My legs were feeling all the activity from the previous week which included a five hour hike up to the base camp hut on the Matterhorn in Switzerland (3,260m = 10,692 ft), running everyday, and several extra miles each day of walking around various European cities. My left patella tendon had been bothering me the three days preceding the race and it began to hurt and feel like it had fluid in it on the second loop.

I knew that Hannah would be there to give me more fuel and encouragement at the end of lap two which motivated me to keep on moving. I walked up the big hills on the second loop and settled into more like a 40 to 50 mile pace. By the 5k mark on the second loop I heard footsteps. Another runner, Frank Buka, passed me on a downhill. I caught back up at the crest of the 6k hill. I keep him in sight until a long downhill, which allowed him to pull away in true German downhill fashion.

I was stopping at all the aid stations and refilling my handheld and grabbing a sip of Coke since the temperature was heating up into the 70s (Fahrenheit).

I was not happy about being in fourth place or so I thought. One other guy passed me on a flat section. He was also decked out in Salomon gear (Christian Zimmer). He knew a little English and we talked briefly. When Christian passed me this put me in what I thought was 5th place overall for the ultra.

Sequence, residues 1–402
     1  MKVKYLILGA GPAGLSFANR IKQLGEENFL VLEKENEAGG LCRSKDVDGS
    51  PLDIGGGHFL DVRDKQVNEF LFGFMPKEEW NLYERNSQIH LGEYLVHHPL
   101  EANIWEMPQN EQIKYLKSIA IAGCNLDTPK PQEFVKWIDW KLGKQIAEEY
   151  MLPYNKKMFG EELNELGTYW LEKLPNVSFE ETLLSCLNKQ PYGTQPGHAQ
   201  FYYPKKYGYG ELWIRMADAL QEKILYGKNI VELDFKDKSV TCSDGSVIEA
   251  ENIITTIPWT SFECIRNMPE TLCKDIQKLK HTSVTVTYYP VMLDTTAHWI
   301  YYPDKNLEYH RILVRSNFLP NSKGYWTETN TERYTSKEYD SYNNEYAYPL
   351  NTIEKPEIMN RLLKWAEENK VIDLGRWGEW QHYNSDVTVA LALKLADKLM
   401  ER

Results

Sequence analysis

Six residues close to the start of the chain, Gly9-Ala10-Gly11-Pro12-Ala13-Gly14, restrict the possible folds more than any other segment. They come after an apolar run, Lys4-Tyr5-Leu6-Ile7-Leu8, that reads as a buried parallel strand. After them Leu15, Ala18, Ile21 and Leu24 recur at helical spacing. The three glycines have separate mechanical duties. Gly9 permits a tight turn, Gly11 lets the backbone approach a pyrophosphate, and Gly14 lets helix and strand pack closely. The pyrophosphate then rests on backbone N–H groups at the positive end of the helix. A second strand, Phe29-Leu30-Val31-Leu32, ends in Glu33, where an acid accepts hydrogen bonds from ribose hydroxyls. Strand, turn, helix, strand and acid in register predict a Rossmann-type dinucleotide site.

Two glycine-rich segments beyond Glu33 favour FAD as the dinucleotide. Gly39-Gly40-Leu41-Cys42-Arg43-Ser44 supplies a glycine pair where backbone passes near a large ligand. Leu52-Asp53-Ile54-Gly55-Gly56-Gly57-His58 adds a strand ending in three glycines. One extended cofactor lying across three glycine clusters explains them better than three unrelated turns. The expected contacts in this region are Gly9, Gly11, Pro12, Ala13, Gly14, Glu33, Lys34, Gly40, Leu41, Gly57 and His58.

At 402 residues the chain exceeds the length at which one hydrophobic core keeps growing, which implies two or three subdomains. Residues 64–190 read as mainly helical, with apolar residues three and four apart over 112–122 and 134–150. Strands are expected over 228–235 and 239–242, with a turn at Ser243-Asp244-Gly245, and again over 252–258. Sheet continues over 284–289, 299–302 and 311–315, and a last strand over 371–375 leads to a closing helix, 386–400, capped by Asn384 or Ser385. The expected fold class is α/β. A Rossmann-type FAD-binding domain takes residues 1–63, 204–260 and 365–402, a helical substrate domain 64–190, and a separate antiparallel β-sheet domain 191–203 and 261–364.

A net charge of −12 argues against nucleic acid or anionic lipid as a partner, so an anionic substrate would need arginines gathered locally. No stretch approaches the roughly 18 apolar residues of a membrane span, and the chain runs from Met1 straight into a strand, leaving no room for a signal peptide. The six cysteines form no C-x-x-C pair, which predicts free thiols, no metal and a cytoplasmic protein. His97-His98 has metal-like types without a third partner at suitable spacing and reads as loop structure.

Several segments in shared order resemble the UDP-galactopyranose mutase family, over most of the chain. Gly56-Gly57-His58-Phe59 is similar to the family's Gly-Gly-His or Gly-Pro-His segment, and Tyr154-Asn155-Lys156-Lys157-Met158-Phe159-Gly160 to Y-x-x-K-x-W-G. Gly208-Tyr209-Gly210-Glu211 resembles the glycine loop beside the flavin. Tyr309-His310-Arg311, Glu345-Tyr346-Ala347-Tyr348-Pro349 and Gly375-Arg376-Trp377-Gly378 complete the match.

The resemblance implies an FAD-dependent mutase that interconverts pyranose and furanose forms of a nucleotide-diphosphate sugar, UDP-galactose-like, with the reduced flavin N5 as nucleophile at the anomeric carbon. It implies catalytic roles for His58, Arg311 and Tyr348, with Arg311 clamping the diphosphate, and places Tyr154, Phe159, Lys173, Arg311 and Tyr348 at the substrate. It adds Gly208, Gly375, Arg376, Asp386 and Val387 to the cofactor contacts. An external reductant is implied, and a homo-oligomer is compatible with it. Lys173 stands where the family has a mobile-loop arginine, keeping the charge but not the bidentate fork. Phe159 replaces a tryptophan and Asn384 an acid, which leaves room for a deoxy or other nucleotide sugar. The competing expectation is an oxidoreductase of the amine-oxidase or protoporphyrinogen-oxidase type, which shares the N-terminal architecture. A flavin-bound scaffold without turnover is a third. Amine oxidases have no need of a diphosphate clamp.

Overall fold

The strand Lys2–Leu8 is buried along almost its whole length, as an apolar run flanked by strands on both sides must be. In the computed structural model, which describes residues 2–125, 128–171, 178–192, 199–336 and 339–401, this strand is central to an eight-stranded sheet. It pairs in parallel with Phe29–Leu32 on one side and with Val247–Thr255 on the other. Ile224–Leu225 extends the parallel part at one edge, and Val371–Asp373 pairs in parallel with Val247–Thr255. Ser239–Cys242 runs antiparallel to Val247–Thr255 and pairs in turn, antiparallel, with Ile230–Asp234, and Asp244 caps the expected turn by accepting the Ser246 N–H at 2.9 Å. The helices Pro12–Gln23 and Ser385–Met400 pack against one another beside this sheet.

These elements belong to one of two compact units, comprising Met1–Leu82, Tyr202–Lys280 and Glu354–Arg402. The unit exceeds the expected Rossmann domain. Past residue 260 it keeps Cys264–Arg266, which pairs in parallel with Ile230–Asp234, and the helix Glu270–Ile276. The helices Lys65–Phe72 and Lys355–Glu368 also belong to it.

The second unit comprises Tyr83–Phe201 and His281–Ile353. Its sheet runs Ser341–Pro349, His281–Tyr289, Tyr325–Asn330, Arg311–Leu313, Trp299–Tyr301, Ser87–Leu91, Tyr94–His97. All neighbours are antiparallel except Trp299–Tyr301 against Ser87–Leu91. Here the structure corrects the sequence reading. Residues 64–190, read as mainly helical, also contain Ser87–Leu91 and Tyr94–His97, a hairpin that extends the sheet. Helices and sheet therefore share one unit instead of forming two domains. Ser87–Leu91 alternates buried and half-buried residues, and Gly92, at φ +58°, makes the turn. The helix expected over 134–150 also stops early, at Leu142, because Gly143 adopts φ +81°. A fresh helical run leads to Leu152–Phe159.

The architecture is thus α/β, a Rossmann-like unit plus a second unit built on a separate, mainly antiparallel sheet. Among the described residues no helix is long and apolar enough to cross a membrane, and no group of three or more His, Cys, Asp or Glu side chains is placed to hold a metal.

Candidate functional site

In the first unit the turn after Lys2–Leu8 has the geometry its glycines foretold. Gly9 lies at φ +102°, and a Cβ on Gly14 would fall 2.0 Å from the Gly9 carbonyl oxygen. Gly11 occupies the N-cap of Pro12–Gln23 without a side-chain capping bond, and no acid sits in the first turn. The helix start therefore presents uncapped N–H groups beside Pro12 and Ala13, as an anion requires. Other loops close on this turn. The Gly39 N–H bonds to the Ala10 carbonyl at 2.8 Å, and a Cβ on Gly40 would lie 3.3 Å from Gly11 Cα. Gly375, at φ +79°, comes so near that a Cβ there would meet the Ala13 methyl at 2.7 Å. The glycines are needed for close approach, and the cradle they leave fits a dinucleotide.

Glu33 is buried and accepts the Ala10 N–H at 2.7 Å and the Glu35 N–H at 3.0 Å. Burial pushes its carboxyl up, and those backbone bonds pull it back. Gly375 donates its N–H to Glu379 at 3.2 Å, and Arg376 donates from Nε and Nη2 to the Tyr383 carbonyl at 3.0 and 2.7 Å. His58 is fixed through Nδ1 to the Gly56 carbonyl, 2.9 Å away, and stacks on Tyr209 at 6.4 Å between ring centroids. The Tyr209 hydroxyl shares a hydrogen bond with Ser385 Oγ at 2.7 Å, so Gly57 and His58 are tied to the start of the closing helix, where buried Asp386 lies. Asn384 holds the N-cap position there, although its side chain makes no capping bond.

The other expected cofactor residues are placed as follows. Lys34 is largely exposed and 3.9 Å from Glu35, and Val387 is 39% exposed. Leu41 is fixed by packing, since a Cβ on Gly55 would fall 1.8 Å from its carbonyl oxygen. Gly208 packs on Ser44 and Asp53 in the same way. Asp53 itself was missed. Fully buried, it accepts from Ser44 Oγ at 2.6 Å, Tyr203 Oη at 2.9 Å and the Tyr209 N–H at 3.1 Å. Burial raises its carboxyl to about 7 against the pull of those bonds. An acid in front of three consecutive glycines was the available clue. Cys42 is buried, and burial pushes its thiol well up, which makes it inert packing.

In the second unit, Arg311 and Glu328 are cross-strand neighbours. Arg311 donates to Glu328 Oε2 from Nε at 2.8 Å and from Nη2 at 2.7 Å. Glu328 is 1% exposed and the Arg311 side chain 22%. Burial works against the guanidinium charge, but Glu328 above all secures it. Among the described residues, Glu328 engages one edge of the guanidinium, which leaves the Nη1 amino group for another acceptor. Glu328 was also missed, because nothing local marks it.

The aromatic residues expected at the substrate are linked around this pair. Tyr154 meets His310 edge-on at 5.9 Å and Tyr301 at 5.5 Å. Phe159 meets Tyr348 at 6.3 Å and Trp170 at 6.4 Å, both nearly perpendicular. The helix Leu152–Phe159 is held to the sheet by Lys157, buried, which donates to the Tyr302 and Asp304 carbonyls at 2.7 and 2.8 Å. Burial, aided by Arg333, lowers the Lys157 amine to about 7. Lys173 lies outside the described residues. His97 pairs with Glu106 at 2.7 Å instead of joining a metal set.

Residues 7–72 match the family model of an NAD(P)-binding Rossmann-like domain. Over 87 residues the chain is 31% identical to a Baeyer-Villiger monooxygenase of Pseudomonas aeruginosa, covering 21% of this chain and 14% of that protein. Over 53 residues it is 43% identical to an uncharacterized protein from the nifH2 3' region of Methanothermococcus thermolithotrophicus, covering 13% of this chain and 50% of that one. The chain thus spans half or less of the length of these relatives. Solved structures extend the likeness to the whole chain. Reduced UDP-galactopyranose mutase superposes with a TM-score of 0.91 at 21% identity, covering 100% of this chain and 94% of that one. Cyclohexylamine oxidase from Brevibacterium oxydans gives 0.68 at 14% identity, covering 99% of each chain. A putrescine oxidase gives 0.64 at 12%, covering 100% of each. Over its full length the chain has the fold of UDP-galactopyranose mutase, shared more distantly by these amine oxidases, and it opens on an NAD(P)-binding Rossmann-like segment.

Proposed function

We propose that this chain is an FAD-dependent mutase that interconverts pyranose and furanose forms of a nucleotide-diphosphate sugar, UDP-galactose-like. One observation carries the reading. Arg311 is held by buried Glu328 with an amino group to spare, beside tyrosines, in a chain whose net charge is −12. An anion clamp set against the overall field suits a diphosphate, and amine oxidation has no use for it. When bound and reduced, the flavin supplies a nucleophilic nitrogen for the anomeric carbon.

As my knee continued to hurt on and off, and I became mentally defeated, which was a bad state to be in on an ultra trail run. I began to rationalize the fact this was not a big goal race and I was not having a great day. What if I just ran two laps and won the marathon. That sounded good. I pushed on at ultra pace with the thought of stopping after two loops. As I hit the 20k mark on the second loop I saw I had company, Rainer Leyendecker, with his yellow tag was gaining. This was the marathon front runner I assumed due to the yellow bib, so I pushed the gas and kept ahead of him to finish the 2nd loop in 2 hours and 5 minutes.

I asked the timing official if I could just do the marathon and he said yes, in English, and told me I was third overall in the marathon, I was shocked. I thought since all the guys who passed me had blue race tags they were ultra guys, but not so. By this time, Rainer had changed shirts and was headed on his third loop. I wisely stuck with my decision to call it quits for the day. My final time was 3:48:22 for the marathon (3rd overall). I rehydrated for a few minutes and went for a 5k cooldown jog. That way I ended up with just over 29 miles for the day.

Overall the course was great with a nice mix of jeep road and single track. It featured wooded areas, open fields and creek beds with mostly good footing throughout. My key takeaways from the race are: allow a bunch of extra time when traveling to a foreign race; ideally know the language; and make sure you know who you are really racing if there are multiple distance options on the same course. The marathon had 43 finishers, and the ultra had 43 finishers, and the half marathon had 107 finishers.